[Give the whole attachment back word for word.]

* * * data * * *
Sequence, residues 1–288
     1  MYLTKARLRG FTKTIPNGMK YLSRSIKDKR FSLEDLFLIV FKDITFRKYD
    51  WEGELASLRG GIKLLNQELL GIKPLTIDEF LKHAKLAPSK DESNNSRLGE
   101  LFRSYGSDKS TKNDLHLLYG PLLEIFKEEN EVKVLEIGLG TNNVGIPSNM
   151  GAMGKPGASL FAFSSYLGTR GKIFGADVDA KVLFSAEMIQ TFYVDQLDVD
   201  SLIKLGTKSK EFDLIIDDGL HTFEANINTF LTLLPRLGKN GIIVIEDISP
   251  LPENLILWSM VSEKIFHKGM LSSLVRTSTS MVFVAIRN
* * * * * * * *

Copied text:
Sequence, residues 1–288
     1  MYLTKARLRG FTKTIPNGMK YLSRSIKDKR FSLEDLFLIV FKDITFRKYD
    51  WEGELASLRG GIKLLNQELL GIKPLTIDEF LKHAKLAPSK DESNNSRLGE
   101  LFRSYGSDKS TKNDLHLLYG PLLEIFKEEN EVKVLEIGLG TNNVGIPSNM
   151  GAMGKPGASL FAFSSYLGTR GKIFGADVDA KVLFSAEMIQ TFYVDQLDVD
   201  SLIKLGTKSK EFDLIIDDGL HTFEANINTF LTLLPRLGKN GIIVIEDISP
   251  LPENLILWSM VSEKIFHKGM LSSLVRTSTS MVFVAIRN